A group of security researchers funded by the Defense Advanced Research Projects Agency (DARPA) and the US Air Force published an article describing a technique for stealing data from Apple and Qualcomm Arm processors, NVIDIA and AMD discrete graphics accelerators, and integrated graphics in chips. Intel and Apple. To do this, researchers use a third-party attack, which involves measuring certain physical parameters of the device.
As part of the new concept, the researchers used the information provided by the dynamic frequency and voltage scaling (DVFS) mechanism implemented in many modern chips. DVFS modulates frequency and power in real time to keep heat dissipation and TDP at an acceptable level, thereby providing either optimal energy efficiency or the best performance for the current task.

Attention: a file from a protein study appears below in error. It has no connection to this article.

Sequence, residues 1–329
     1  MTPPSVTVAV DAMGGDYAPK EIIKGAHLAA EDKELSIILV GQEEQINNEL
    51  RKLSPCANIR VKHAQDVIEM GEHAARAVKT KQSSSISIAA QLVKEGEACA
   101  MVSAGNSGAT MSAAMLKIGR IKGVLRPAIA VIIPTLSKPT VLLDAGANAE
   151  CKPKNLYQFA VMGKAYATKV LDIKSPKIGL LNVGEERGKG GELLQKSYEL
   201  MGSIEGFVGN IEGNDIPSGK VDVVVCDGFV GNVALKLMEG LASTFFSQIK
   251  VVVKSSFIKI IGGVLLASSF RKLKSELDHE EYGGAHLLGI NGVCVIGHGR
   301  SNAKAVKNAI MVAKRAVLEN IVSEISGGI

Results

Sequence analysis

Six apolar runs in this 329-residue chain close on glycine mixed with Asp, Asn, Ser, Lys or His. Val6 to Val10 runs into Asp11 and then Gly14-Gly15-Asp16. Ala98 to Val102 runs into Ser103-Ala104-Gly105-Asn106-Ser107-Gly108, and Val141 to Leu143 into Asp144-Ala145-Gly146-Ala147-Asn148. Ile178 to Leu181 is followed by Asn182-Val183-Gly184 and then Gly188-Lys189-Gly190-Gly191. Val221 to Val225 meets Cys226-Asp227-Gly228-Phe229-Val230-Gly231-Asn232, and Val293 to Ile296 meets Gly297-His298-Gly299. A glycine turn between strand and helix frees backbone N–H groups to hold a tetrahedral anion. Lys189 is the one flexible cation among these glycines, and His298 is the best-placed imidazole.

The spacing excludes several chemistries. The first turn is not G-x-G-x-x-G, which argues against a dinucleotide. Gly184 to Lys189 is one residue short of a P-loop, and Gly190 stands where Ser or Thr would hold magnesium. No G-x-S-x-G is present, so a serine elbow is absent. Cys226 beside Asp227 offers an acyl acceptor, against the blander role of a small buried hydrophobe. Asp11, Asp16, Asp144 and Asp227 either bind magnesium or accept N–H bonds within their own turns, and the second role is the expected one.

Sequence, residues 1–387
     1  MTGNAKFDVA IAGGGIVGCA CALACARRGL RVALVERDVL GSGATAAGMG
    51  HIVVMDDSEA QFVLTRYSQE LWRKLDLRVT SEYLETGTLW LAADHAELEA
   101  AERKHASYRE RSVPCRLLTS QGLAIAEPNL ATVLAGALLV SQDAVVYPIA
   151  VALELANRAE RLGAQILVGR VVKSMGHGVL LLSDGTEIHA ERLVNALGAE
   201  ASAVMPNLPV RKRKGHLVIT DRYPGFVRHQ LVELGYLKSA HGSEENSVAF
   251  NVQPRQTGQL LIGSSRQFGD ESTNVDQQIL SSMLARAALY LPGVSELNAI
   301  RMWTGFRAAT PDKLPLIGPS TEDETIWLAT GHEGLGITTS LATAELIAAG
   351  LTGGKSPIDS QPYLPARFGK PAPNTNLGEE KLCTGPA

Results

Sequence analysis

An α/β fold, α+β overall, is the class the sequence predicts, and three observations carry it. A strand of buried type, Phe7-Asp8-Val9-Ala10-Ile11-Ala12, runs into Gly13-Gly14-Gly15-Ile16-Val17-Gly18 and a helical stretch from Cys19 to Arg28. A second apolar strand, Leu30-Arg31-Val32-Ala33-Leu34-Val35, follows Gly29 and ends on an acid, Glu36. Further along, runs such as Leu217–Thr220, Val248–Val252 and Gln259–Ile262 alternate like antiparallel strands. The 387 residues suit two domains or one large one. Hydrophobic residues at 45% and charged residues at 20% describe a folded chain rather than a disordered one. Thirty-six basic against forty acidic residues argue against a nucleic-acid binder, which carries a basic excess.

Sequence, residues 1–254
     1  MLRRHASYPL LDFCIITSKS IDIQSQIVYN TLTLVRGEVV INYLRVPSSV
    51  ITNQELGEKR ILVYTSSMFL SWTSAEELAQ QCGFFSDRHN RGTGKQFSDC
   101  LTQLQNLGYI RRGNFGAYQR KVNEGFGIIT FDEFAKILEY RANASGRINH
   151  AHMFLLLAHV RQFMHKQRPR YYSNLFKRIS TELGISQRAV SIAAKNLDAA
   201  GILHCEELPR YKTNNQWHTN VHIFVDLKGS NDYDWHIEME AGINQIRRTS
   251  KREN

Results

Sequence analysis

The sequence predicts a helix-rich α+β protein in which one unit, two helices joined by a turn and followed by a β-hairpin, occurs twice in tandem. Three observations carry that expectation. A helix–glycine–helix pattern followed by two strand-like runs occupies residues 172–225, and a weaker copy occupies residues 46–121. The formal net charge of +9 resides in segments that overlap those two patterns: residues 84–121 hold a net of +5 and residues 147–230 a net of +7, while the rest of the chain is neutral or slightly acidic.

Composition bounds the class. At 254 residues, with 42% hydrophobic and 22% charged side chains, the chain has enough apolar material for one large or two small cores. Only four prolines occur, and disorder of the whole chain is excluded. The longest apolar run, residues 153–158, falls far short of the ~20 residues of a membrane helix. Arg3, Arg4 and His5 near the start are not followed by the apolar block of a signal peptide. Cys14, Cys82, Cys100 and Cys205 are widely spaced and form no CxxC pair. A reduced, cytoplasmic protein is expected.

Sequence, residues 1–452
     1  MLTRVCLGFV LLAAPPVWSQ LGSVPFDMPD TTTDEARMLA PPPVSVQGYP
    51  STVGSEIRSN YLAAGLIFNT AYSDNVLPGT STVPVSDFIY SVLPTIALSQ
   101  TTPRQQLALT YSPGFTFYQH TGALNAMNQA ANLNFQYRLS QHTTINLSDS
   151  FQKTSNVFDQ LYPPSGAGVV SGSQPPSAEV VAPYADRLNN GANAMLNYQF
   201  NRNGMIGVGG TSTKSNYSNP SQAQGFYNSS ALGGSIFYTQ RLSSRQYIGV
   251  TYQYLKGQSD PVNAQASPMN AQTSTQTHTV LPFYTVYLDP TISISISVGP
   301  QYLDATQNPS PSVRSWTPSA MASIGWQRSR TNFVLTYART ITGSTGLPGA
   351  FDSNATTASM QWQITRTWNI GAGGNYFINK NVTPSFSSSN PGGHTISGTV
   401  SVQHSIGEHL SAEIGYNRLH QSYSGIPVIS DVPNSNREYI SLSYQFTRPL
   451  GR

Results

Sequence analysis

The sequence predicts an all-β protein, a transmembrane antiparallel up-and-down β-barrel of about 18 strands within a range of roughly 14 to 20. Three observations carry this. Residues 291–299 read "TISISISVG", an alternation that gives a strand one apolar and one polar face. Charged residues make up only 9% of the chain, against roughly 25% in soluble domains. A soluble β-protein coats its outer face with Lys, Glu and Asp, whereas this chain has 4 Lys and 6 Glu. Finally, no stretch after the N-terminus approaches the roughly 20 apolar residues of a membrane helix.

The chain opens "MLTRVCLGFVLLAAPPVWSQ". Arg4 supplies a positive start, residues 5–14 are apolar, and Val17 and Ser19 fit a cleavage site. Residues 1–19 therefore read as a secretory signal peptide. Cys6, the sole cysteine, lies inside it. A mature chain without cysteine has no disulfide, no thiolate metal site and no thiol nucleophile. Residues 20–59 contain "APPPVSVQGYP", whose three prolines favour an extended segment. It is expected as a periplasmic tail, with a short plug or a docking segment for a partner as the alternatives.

The concept of researchers involves the collection and analysis of data from internal power sensors, temperature and frequency of the processor. By making one of the three DVFS variables (power, heat, and operating frequency) constant, researchers can control the other two variables. Due to this, they can determine which instructions are being executed, and with precision that allows them to determine different operands of the same instruction.
The good news is that this technique is unlikely to be used by attackers in practice. After all, to collect data from internal sensors, you need direct access to the system. If an attacker gains direct access to the system, then most likely he will find an easier way to steal data.
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